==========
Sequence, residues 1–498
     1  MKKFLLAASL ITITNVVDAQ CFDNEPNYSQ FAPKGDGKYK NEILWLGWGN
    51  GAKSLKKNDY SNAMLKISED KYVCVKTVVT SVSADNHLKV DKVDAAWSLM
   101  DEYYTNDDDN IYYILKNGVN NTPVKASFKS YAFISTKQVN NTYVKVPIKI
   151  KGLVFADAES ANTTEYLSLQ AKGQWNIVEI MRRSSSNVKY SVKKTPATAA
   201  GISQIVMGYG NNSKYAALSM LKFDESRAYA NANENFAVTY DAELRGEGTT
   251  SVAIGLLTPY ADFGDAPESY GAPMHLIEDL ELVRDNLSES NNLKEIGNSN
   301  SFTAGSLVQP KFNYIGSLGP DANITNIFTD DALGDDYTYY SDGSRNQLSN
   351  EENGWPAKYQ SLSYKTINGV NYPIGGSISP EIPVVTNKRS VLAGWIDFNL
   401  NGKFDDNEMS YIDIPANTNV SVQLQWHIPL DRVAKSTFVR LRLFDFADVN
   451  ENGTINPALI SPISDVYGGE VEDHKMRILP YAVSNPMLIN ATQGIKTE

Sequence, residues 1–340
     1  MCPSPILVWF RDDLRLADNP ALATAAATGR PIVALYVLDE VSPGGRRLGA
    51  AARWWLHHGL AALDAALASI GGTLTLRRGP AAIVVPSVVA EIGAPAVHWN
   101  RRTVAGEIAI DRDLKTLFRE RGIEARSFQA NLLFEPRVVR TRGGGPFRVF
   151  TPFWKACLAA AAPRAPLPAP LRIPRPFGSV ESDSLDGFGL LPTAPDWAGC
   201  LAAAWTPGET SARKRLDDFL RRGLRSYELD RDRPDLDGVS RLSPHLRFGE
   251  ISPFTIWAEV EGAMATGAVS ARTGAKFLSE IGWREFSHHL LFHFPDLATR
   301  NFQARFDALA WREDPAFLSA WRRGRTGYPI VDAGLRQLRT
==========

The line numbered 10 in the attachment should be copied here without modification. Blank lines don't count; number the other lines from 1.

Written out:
   401  NGKFDDNEMS YIDIPANTNV SVQLQWHIPL DRVAKSTFVR LRLFDFADVN